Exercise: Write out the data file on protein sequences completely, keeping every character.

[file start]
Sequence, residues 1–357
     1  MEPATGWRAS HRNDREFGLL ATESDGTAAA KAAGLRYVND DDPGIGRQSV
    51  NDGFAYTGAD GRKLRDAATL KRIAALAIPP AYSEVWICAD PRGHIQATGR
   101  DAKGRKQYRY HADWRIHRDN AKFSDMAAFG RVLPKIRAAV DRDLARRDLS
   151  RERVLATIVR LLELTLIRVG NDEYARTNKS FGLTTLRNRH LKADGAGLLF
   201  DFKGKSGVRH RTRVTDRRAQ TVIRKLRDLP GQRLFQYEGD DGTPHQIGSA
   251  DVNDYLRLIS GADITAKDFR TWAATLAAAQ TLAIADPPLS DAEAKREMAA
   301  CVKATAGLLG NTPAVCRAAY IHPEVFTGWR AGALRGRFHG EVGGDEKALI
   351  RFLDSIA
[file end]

Sequence, residues 1–357
     1  MEPATGWRAS HRNDREFGLL ATESDGTAAA KAAGLRYVND DDPGIGRQSV
    51  NDGFAYTGAD GRKLRDAATL KRIAALAIPP AYSEVWICAD PRGHIQATGR
   101  DAKGRKQYRY HADWRIHRDN AKFSDMAAFG RVLPKIRAAV DRDLARRDLS
   151  RERVLATIVR LLELTLIRVG NDEYARTNKS FGLTTLRNRH LKADGAGLLF
   201  DFKGKSGVRH RTRVTDRRAQ TVIRKLRDLP GQRLFQYEGD DGTPHQIGSA
   251  DVNDYLRLIS GADITAKDFR TWAATLAAAQ TLAIADPPLS DAEAKREMAA
   301  CVKATAGLLG NTPAVCRAAY IHPEVFTGWR AGALRGRFHG EVGGDEKALI
   351  RFLDSIA